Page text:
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  #21  
Old 02-11-2008
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Something less. I made a big deal out of the blisters and some of the other items the surveyor found (none of them deal killers) and worked the seller over pretty well. I bought the boat for considerably less than the value the surveyor placed on it in his report (he seller never saw that section of the report of course!) I never thought about deducting the price of a full peel, etc. because everyone involved in the deal knew that wasn't necessary. But it's all in what you're comfortable with.
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  #22  
Old 02-11-2008
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Quote:
Originally Posted by midlifesailor View Post
Solid laminate, '91 Catalina.

If I were to go forward, I'd either try to buy the previous survey and spend a couple of hours going over it, or start again from scratch.

The fellow that did the previous survey was favorably mentioned here on sailnet in a couple of the surveyor recommendation threads, so I feel he'd be trustworthy and knowledgeable.
What model Catalina? Who was the surveyor? The blisters will probably be find, just grind out, etc. That should be negotiated in the price. I am not aware of any blister problems with 1990+ Cats, but give me the model and I will see if anyone else knows.

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  #23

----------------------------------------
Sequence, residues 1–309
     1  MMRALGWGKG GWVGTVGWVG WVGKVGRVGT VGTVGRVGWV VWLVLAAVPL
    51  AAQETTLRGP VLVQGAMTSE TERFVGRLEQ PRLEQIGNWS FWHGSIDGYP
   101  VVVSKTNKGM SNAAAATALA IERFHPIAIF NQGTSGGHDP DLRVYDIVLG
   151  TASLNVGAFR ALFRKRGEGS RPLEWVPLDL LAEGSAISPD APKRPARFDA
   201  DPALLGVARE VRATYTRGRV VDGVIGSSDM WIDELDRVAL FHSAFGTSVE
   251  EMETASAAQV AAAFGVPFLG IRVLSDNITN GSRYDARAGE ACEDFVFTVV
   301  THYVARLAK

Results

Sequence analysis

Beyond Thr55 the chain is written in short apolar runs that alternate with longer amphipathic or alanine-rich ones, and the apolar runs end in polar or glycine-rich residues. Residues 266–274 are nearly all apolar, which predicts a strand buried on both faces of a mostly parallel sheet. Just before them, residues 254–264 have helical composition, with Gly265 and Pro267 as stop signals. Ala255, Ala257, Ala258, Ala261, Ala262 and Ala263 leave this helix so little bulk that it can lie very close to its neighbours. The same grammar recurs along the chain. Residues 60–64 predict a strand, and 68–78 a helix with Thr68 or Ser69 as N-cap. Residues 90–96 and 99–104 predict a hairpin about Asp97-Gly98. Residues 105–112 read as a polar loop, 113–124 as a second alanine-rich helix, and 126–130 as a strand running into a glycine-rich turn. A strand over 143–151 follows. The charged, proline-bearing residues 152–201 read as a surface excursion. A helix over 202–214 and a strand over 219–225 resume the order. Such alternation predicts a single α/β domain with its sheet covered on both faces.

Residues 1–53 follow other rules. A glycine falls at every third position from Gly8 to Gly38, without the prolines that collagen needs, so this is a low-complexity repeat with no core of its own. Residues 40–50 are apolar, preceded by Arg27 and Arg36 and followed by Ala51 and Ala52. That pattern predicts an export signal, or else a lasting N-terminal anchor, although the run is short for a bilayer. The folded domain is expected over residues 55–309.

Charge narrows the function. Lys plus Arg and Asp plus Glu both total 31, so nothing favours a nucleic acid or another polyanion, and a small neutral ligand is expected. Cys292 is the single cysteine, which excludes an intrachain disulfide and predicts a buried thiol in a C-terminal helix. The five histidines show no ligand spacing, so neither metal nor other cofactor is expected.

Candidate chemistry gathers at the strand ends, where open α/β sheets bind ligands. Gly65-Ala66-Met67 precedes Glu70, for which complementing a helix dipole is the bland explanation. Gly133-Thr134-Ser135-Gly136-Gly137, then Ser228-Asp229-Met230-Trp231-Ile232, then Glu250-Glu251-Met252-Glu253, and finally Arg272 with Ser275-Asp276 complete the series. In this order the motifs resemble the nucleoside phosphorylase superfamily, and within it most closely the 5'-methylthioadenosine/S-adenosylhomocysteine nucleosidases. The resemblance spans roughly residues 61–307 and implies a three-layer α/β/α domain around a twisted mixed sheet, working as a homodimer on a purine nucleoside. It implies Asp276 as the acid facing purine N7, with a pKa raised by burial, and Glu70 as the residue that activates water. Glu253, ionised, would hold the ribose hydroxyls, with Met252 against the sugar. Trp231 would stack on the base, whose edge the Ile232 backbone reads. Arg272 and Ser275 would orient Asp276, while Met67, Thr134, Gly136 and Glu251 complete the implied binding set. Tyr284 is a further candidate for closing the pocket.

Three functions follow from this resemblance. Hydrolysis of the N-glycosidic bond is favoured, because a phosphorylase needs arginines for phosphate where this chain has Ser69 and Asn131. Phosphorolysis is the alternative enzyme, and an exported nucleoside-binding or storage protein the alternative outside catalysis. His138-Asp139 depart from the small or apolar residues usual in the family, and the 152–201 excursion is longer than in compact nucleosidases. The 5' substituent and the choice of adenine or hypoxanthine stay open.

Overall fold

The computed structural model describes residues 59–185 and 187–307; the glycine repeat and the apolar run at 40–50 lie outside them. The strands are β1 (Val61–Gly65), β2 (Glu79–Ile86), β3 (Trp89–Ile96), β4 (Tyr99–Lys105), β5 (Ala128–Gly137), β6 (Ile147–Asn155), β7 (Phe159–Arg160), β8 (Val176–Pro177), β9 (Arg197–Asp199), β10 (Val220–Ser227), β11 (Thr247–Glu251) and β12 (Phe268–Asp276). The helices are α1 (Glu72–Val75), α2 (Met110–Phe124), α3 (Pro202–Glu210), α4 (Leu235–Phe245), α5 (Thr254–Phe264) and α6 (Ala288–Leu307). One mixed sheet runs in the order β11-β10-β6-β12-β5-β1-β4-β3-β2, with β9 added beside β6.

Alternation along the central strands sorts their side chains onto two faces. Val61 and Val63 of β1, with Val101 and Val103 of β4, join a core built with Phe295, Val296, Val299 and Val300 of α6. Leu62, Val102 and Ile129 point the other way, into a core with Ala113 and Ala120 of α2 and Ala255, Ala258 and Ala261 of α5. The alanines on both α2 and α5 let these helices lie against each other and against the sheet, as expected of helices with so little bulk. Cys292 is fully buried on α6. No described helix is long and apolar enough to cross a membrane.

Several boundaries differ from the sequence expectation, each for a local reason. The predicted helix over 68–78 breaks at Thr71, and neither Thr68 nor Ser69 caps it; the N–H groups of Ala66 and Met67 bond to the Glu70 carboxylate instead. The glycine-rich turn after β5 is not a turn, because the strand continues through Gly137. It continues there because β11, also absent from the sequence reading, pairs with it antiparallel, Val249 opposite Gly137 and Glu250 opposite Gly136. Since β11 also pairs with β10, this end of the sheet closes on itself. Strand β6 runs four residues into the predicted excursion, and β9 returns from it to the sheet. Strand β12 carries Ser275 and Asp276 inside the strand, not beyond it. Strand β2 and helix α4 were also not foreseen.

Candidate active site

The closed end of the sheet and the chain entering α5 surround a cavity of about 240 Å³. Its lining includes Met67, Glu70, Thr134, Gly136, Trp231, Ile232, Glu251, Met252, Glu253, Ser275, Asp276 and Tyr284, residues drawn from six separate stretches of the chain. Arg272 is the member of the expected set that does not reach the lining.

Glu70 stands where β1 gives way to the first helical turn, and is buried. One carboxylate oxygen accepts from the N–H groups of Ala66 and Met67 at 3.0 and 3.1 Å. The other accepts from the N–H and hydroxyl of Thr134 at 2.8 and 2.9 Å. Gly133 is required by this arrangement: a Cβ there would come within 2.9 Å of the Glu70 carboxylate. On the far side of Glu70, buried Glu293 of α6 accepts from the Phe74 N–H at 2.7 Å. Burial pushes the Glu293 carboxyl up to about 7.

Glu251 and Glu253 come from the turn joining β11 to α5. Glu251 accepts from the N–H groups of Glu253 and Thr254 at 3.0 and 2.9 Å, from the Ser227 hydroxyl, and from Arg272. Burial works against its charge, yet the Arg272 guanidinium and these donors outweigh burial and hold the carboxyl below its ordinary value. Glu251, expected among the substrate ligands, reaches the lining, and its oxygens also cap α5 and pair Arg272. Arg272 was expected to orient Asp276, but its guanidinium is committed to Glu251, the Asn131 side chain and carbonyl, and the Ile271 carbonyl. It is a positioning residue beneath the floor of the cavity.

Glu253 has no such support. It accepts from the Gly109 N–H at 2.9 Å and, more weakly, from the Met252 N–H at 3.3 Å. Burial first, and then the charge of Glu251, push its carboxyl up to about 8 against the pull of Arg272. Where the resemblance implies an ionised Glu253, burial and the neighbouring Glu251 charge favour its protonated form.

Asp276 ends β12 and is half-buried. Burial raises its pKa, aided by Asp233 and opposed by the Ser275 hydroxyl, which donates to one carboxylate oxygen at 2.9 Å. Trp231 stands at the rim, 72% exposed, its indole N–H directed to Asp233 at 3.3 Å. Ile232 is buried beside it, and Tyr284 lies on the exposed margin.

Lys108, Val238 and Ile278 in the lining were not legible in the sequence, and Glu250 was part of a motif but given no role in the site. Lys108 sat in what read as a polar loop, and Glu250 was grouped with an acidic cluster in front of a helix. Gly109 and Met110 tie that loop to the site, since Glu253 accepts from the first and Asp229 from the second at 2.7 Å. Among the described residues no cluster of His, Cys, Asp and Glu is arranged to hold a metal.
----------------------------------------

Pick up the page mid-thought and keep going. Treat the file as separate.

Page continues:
Old 02-11-2008
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CD check your PM's.

Thanks.
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  #24  
Old 02-11-2008
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Midlife,
Buddy of mine bought a 1986 Catalina 30 in 2005 with literally hundreds of blisters on it. We (he and I) spent 3 weekends grinding, filling and fairing, then barrier coated and bottom painted. We did not strip all gell coat, we spot repaired each one, merging several when needed and used a long stip of flexible wood as a fairing batten.
Total cost - 600 - 700 bucks and 3 weekends of going home covered in blue dust. I already had two angle grinders and large sanders - blew my shopvac to hell so my buddy replaced it. I did some gelcoat fixes during that time period while he was pasting in epoxy (no dust periods).

The original asking price was 24k, he paid 16k. The owner was 70+ and needed to dump the boat, it had not left the pier in 3 years.
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  #25  
Old 02-12-2008
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I had to smile while reading this...
Ok, buddy, quit hyperventilating about less than a dozen half dollar size blisters willya? I highly doubt that they're serious, and even if they've burned a caustic ooze filled hole in the hull, they can be ground out. It doesn't mean you're going to need a haz-mat suit and a team of fiberglass geeks at hundreds per hour.
The boat is 17 yrs old. its going to have a few blisters. Unless they've gone off the deep end, peeled, barrier'ed and epoxied. I doubt that they have and I doubt that it was/is needed.
I can't warrant anything about this particular tub, but suffice it to say it'd be a rare bird if this caused a real big problem.